All too often, where there's substantial money to be made, greed and corruption inevitably follow.
Preventing ACL Injuries in Female Athletes
For female athletes, the key to optimal athletic health lies in preventing ACL injuries. In medical terms, the anterior cruciate ligament (ACL) is the primary restraint to the anterior displacement of the tibia on the femur at all angles of the knee flexor.
We Get Letters & Email
In the Dec. 1, 2015 issue, we have Donald Petersen reporting on "the adapting chiropractic practice," which includes multidisciplinary practice as an option; a ChiroPoll indicating 59 percent of DCs are seeing at least 21 patients per day and 27 percent are seeing more than 40.
Top 10 Fitness Trends for 2016
The American College of Sports Medicine (ACSM) published its annual fitness trend forecast in the November / December 2015 issue of ACSM's Health & Fitness Journal.
Asking the Insurance Rep the Right Questions
One of the first or last questions a potential patient often asks is: "Do you take insurance?" An ill-informed or optimistic, "yes" can result in delayed or non-payment. Instead, just say: "Let me check if you are eligible first."
Osteoporosis Isn't Always the Case
What is your diagnosis? The patient is a 58-year-old female with back pain. I am sure all of you see the compression fracture at L2; however, there are some findings that suggest this is not a compression fracture due to osteoporosis.
News in Brief
A Winner in and Out of the Office; Ready for the "Have-A-Heart" Campaign? New Integrative Medicine Journal.
The Amazing Clinical Versatility of Milk Thistle (Part 1)
Most of us know that the standardized extract from the seeds of milk thistle (Silybum marianum) is probably the best-proven herb for protecting the liver from chemical and inflammatory damage.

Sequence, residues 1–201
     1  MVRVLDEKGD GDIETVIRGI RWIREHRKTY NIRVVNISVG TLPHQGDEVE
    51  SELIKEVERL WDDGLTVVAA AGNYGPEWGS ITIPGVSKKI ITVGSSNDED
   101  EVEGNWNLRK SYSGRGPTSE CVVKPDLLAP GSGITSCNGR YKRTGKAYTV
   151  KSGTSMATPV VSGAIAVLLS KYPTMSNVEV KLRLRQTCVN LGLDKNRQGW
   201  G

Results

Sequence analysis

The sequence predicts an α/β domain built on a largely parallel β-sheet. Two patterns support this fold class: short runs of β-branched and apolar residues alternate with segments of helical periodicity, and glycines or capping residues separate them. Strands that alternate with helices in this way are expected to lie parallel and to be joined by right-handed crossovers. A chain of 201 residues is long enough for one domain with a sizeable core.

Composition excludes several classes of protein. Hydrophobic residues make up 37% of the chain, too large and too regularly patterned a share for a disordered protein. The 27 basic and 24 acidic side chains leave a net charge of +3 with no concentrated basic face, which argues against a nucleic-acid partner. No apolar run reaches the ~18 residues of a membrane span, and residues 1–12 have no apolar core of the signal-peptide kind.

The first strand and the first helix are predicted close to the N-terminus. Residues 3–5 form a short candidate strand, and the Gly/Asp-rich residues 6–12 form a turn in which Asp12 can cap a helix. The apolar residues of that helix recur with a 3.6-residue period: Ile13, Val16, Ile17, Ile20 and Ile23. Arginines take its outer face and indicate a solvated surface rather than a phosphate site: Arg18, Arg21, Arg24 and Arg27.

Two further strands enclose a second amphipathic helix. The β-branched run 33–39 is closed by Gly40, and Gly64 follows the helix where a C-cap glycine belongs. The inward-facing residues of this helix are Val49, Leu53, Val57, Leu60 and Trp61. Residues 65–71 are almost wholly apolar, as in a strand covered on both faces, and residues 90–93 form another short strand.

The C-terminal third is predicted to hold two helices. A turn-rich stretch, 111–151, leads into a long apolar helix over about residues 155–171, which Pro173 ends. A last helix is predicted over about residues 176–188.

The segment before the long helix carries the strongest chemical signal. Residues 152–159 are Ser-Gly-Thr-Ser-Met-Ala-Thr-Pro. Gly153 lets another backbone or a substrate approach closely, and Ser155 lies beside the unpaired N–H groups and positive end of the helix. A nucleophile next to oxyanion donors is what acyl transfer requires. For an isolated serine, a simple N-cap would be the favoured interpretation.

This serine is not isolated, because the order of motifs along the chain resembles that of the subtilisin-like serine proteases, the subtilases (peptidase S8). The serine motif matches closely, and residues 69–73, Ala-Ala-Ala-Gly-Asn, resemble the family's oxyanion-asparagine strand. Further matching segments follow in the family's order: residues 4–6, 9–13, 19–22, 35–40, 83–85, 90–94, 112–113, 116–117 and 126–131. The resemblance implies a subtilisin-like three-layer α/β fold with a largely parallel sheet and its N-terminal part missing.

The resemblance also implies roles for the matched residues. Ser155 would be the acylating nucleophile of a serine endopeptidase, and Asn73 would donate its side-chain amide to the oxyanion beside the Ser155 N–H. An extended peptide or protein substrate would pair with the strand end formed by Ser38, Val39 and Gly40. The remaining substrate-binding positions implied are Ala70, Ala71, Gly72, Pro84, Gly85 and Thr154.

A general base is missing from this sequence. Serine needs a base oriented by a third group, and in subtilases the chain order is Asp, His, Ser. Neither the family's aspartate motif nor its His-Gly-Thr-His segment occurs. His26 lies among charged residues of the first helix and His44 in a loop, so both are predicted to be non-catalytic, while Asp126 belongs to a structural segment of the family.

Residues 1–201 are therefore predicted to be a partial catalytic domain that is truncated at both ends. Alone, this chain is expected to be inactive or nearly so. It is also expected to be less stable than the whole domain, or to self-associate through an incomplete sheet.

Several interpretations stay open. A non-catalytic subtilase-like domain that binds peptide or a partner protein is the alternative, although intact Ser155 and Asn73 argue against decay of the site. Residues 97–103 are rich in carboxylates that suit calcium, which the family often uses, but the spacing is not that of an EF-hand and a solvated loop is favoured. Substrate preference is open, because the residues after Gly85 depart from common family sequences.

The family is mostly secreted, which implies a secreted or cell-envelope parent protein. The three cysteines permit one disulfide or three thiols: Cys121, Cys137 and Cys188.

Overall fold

Forgotten Options for Musculoskeletal Health
Challenges with musculoskeletal health are of tremendous concern for many people today.
The MRI: When and Why to Order One
As I lecture around the country to both chiropractors and medical specialists, it's clear one of the main disconnects between the two professions is that of an accurate diagnosis.
Window of the Sky Points
The acupuncture points known as Window of the Sky are a modern creation. There is no reference in Chinese medical texts for an acupuncture point category called Window of the Sky.
January, 2001, Vol. 01, Issue 01
Better Access to Alternative Care
By Editorial Staff
Dr. James Gordon, chairman of the White House Commission on Complementary and Alternative Medicine Policy, stated at a December 5 press conference1 in Washington, D.C., that the commission plans to recommend to Congress in its interim report on July 2001 that CAM therapies become more integrated in mainstream health care.
"The experience of these people and other testimony we have heard convinces us that improvements in the provision of CAM therapies are crucial," said Dr.Gordon.
Dr. Gordon also suggested that reimbursement for CAM services become a benefit under Medicare and Medicaid. "If these government agencies began reimbursing for these services, other third-party payers would follow suit."
Established by President Clinton in March 2000, the White House Commission on Complementary and Alternative Medicine Policy functions to "provide a report, through the Secretary, to the President on legislative and administrative recommendations for assuring that public policy maximizes the benefits to Americans of complementary and alternative medicine."
Michigan HMO Offers Massage, Other CAM Services to Members
Care Choices HMO, a subsidiary of Trinity Health - Michigan, has signed an agreement with Landmark Healthcare, Inc., a nationwide complementary alternative health care provider, to provide Care Choices HMO members with a full range of alternative health care services.